Two philosophical problems in the study of happiness

In this paper I discuss two philosophical issues that hold special interest for empirical researchers studying happiness. The first issue concerns the question of how the psychological notion(s) of happiness invoked in empirical research relates to those traditionally employed by philosophers. The second concerns the question of how we ought to conceive of happiness, understood as a purely psychological phenomenon. With respect to the first, I argue that ‘happiness’, as used in the philosophical literature, has three importantly different senses that are often confused. Empirical research on happiness concerns only one of these senses, and serious misunderstandings about the significance of empirical results can arise from such confusion. I then argue that the second question is indeed philosophical and that, in order to understand the nature of (what I call) psychological happiness, we need first to determine what a theory of happiness is supposed to do: what are our theoretical and practical interests in the notion of happiness? I sketch an example of how such an inquiry might proceed, and argue that this approach can shed more light on the nature and significance of happiness (and related mental states) than traditional philosophical methods.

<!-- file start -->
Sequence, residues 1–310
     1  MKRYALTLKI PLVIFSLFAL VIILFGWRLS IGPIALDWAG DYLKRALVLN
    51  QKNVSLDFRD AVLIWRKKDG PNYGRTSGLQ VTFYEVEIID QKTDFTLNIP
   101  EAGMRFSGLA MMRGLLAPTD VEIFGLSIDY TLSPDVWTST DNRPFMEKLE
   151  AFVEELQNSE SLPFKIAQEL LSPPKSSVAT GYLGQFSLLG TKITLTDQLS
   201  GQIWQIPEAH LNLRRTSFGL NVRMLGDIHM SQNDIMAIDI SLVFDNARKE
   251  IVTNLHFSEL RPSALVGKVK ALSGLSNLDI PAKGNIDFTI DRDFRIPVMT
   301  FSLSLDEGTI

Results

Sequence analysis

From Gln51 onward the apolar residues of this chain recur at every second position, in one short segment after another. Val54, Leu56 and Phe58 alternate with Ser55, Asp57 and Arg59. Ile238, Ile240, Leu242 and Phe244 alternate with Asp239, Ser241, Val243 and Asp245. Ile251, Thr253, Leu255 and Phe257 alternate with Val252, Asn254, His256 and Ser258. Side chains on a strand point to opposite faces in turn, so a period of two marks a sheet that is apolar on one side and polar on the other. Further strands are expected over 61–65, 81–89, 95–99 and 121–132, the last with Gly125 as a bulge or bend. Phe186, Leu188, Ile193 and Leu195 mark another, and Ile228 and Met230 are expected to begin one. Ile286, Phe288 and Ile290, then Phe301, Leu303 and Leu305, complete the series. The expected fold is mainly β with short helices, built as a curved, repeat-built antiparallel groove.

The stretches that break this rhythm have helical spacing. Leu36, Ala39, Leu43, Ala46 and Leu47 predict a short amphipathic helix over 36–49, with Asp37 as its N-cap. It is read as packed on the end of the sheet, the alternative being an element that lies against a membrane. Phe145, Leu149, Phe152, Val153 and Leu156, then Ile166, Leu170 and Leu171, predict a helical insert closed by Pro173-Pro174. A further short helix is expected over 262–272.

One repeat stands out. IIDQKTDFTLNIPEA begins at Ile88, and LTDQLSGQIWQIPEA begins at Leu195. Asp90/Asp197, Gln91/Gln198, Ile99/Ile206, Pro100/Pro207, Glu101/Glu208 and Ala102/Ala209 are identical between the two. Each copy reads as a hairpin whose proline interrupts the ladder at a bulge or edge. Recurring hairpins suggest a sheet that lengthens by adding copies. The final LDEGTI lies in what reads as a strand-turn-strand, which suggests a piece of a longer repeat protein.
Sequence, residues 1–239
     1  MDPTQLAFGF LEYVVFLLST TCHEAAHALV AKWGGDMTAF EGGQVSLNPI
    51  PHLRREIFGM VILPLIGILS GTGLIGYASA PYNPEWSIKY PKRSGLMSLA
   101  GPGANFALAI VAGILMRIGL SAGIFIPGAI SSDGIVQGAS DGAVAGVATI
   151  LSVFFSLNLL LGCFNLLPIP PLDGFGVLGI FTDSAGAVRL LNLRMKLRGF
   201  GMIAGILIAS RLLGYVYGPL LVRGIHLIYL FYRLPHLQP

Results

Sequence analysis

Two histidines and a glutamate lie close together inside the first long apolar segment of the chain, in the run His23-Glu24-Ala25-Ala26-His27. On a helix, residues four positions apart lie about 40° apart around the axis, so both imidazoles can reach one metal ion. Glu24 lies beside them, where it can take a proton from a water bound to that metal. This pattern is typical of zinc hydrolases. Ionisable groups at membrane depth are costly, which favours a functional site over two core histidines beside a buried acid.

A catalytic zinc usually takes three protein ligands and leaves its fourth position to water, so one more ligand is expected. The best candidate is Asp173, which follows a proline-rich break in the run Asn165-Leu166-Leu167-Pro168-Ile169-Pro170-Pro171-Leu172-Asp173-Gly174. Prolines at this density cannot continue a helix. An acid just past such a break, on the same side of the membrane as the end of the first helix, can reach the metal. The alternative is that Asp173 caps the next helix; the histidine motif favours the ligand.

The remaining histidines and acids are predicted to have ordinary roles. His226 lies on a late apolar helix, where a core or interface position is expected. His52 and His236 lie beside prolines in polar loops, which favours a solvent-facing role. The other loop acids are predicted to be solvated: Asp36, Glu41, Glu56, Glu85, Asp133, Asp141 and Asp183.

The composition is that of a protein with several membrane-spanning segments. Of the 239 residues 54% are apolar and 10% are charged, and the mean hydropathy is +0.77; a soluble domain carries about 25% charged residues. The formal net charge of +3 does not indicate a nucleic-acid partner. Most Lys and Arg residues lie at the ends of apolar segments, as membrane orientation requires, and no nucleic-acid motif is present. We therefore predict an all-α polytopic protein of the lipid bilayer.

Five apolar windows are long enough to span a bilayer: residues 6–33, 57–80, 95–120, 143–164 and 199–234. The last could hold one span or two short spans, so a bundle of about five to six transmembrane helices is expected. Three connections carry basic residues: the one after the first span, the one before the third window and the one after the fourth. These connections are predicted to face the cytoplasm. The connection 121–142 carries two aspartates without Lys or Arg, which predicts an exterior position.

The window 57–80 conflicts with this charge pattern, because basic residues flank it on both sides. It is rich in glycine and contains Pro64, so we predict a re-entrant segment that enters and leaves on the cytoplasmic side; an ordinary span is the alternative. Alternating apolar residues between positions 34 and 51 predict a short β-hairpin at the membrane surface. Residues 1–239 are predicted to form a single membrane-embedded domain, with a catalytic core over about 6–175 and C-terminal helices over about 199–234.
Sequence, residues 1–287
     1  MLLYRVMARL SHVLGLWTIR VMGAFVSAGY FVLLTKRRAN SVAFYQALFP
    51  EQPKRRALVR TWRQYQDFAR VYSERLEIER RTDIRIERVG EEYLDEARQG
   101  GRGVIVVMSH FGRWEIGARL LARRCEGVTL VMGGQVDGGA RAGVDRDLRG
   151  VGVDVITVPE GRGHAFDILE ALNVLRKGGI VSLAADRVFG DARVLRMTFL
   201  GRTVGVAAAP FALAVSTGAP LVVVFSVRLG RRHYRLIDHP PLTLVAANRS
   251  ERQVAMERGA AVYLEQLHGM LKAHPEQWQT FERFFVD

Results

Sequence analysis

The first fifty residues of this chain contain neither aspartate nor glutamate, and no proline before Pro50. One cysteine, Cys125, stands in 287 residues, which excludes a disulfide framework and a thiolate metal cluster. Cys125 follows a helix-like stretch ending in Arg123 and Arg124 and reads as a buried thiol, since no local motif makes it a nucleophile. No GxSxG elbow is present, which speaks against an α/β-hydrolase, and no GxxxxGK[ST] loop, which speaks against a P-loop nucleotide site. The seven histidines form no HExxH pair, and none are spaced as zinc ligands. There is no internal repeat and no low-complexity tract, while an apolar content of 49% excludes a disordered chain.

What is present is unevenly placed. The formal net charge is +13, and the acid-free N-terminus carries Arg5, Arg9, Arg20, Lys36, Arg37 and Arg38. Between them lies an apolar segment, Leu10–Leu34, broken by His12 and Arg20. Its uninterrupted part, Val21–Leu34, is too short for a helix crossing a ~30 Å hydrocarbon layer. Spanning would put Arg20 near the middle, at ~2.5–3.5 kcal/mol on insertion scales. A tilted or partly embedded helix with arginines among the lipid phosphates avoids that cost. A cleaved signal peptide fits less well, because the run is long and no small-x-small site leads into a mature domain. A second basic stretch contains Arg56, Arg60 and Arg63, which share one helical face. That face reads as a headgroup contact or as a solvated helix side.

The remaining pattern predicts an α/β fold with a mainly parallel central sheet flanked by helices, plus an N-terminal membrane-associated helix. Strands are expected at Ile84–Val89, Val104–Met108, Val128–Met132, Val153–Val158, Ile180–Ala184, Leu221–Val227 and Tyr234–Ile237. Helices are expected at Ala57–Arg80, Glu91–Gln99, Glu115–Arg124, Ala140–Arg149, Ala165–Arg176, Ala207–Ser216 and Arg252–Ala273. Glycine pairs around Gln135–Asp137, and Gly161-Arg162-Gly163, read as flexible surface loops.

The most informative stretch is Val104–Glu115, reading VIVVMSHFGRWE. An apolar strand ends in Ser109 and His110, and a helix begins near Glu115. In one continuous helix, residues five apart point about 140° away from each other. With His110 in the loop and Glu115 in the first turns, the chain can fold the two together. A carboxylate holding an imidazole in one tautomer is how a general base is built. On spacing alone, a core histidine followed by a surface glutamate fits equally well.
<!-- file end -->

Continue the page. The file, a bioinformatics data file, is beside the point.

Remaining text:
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Erik Angner (2013). Is It Possible to Measure Happiness? European Journal for Philosophy of Science 3 (2):221-240.
Laura Sizer (2010). Good and Good for You: An Affect Theory of Happiness. Philosophy and Phenomenological Research 80 (1):133-163.

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